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In 2005, when the results were out, no one had told me the futility of scoring x% in your Boards. I believed that this was an important milestone and that hereon, my report card stating this number, would define me.

Nearly a decade later, the results for the CBSE Board exams are out and once again, the frenzy to score a 95 plus is as big as it was back in my days. I was amused to see this a few years back when my brother was giving his Boards but now, I feel disappointed. Despite n number of research studies elaborating the futility of such evaluations, we are still hell-bent on stitching a child’s future with a score. Not only does this evaluation fail to test the child’s acumen, it is also a useless exercise that fundamentally excludes those who cannot do rote learning.

Joint Review Missions from the Sarva Shiksha Abhiyan have consistently reported a decline in reading and math levels among children who belong to the 5-16 age group. Even if a sizable number of students pass Boards or score a good number, the learning crisis in India is huge. Not all the students who clear examinations are sufficiently equipped to make the transition to a higher grade. Despite having such findings at hand, it is discouraging to see the State invest a lot of effort in promoting ‘top scorers’.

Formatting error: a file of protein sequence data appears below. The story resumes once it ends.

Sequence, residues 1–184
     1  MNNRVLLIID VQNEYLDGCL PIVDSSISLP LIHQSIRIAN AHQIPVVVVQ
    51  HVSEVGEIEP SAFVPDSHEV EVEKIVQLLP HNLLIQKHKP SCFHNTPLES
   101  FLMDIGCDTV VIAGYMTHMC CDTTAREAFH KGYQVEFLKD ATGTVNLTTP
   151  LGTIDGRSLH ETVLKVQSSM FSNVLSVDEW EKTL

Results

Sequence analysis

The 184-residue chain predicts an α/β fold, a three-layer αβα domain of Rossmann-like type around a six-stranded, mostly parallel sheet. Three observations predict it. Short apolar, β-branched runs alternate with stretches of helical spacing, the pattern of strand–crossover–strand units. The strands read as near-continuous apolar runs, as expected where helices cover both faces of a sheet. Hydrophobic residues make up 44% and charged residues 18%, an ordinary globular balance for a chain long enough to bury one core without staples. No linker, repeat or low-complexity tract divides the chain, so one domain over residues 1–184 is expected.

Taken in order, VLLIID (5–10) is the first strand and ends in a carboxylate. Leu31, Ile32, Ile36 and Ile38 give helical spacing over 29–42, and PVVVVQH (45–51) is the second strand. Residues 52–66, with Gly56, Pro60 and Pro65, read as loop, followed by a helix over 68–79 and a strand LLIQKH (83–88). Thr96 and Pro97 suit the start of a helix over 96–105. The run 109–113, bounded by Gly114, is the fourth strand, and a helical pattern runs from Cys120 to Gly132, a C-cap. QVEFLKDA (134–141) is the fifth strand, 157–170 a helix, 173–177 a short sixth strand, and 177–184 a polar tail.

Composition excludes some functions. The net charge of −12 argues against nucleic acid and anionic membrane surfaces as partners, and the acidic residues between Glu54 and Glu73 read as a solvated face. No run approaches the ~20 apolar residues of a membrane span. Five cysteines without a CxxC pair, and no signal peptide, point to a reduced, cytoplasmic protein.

It is also worth remembering that scoring a whopping number for the tenth or the twelfth boards does not automatically mean a successful career. The handful of people I know who are still nostalgic about their glorious school days, are struggling to reconcile with their jobs. So, who are we kidding when we gush over a ninety plus when all that it means is a brief moment in the spotlight?

We are still miles away from ensuring 100 percent enrollment and providing adequate resources for our students. We do not have schools within 5 km radius as promised by the RTE act and in 2018, we are still struggling with high drop-out rates. In addition to all of these concerns, a sizable number of children are ditching school to support their families. What are we then thinking when we ‘celebrate’ top scorers?